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The World Health Organization considers the outbreak of dengue fever in Brazil a “major challenge” – Observer

The World Health Organization considers the outbreak of dengue fever in Brazil a “major challenge” – Observer

On Wednesday, Director-General of the World Health Organization, Tedros Adhanom, described the outbreak of dengue fever in Brazil as a “major challenge” and linked it to the El Niño climate phenomenon.

“The El Niño phenomenon has fueled the current dengue outbreak,” Adhanom said during an event in Brasilia, explaining that the rise in cases in the South American country is part of the global expansion of the disease that has killed 5,000 people worldwide by 2023.

El Niño is a natural climate phenomenon associated with rising surface temperatures in the central and eastern tropical Pacific Ocean, but it has impacts around the world.

The effects of this phenomenon are enhanced by rising temperatures in the Americas, which ultimately facilitates the reproduction of Aedes aegypti mosquitoes. Dengue transmitters.

According to the Director-General of the World Health Organization, who has been on a three-day visit to Brazil since Monday, “all regions, except Europe, are affected” by the wave of dengue fever, which is transmitted by mosquitoes and causes high temperatures and severe infections. Muscle pain, among other symptoms.

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At the same time, Adhanom congratulated the Brazilian government for its response to the outbreak Introducing the dengue vaccine into public health system protocols.

“The outbreak highlights the need to strengthen the healthcare system,” he said, before calling for a “comprehensive response that puts people at the center” of care.

Brazilian President Lula da Silva and the Director-General of the World Health Organization met on Monday to discuss a possible partnership in the production of a dengue vaccine.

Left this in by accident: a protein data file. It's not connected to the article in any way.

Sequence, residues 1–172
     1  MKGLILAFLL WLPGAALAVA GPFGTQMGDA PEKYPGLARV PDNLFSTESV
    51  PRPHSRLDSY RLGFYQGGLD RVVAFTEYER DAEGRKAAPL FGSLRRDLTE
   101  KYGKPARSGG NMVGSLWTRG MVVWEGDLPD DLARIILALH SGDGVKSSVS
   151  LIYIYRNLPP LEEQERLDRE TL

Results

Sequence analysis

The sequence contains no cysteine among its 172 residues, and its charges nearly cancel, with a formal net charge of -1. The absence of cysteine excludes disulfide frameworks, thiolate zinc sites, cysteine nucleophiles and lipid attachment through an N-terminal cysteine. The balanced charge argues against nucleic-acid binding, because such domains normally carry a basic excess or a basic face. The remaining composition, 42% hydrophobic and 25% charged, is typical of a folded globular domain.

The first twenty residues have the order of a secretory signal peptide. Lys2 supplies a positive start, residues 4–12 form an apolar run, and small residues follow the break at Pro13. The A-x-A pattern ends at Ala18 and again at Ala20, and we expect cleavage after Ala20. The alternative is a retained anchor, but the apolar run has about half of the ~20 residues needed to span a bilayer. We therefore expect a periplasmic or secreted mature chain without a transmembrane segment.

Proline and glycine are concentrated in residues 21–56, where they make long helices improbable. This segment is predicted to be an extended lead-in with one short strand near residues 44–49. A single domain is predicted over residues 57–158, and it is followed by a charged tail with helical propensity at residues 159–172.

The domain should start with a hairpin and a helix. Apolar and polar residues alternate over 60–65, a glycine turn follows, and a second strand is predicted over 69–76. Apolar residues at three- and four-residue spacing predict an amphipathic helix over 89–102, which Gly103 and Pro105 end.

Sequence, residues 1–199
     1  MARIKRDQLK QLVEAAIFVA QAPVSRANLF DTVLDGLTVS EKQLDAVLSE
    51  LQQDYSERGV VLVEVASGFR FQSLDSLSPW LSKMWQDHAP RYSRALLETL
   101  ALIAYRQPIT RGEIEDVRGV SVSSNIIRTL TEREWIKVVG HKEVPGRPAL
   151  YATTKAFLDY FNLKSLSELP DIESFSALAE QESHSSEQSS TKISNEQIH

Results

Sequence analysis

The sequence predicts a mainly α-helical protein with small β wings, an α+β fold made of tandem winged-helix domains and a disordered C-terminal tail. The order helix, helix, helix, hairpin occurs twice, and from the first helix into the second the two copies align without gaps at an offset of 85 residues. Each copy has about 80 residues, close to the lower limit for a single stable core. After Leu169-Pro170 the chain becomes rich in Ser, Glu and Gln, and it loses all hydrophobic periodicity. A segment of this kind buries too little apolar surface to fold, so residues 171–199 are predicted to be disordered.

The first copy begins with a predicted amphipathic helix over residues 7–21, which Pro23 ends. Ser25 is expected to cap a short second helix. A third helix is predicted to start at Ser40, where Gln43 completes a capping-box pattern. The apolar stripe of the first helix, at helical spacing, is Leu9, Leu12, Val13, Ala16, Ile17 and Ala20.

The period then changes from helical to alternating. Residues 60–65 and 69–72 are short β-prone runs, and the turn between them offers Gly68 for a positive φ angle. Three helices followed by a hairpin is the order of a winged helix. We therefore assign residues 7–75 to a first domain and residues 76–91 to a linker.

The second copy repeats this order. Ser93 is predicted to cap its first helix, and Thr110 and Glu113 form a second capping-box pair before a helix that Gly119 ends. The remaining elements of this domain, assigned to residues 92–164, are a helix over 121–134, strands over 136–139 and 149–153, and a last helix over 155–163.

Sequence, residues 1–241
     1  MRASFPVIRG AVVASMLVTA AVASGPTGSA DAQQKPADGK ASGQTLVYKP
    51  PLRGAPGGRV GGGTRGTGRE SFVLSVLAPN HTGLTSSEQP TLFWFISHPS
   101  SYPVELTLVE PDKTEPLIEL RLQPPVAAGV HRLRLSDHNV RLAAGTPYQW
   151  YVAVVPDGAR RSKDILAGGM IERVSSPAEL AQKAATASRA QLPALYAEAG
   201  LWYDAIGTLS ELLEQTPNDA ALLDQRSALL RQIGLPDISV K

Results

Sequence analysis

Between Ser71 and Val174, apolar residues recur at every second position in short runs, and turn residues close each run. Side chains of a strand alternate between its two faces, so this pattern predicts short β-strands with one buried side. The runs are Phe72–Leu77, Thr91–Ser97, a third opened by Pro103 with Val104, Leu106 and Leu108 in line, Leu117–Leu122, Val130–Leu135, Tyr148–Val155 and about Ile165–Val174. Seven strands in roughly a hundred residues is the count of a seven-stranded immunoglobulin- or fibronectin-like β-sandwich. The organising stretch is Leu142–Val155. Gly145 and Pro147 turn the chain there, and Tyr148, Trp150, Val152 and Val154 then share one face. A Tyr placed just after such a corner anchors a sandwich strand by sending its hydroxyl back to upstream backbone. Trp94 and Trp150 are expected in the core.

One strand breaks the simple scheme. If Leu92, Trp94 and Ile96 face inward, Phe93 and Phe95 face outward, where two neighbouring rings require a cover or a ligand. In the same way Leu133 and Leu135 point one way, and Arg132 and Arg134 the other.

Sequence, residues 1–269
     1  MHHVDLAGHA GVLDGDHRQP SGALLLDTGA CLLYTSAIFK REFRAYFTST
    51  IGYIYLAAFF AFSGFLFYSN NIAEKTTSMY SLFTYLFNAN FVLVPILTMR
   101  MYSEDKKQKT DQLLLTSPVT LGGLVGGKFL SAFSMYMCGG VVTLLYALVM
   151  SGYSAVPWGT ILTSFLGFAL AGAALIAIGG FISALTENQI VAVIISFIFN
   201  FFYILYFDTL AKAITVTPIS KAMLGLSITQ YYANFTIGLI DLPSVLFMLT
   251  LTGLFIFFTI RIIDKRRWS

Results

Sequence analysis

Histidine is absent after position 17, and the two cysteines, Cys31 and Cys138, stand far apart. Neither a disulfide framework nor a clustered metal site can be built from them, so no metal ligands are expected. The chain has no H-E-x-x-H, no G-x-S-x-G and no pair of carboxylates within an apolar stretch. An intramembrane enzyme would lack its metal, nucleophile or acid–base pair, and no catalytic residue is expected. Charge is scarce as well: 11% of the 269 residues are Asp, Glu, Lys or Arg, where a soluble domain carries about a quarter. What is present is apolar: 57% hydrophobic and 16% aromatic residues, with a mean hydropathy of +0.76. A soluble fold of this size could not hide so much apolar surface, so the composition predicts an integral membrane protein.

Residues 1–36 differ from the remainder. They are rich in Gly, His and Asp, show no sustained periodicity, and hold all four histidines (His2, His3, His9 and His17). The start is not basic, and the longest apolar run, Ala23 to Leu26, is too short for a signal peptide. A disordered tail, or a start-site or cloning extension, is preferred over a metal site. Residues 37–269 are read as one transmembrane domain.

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The next day, Brazil's health minister called on the entire country to unite “against dengue”, at a time when cases will increase dramatically in 2024, after 2023 recorded unprecedented numbers.

Rio de Janeiro declares a state of health emergency due to dengue fever

Data from the Brazilian Ministry of Health indicate that the country has registered 345,235 probable cases of dengue fever this year, with 36 deaths and 234 more under investigation. The number of cases tripled between January 21 and 27 compared to the same period last year. The states of Acre, Minas Gerais and Goiás, in addition to the Federal District, declared a state of public health emergency.

In 2023, the South American country recorded more than 1.6 million cases of the disease, more than a fifth of all reported cases in the world, and 1,094 deaths, a historic record.

The Brazilian Minister of Health also stated that she had already transferred 280 million euros to states and municipalities to work on prevention and medical care measures. He explained that with regard to the vaccines provided by the Public Health Authority, they will be presented gradually, “due to the limited number of doses produced by the manufacturing laboratory.”

Brazil will begin a public vaccination campaign against dengue fever this month. The country has already released a list of about 500 cities that will receive the dengue vaccine, which should initially prioritize children and teenagers between the ages of 10 and 14 because they are among the public with the highest number of dengue hospitalizations. . illness.

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Brazil expects to receive up to 6.2 million doses of the Japanese dengue vaccine in 2024. But since it is a vaccination that requires two doses of the vaccine, this amount covers only 3.1 million people and is insufficient to cope with the current explosion in cases.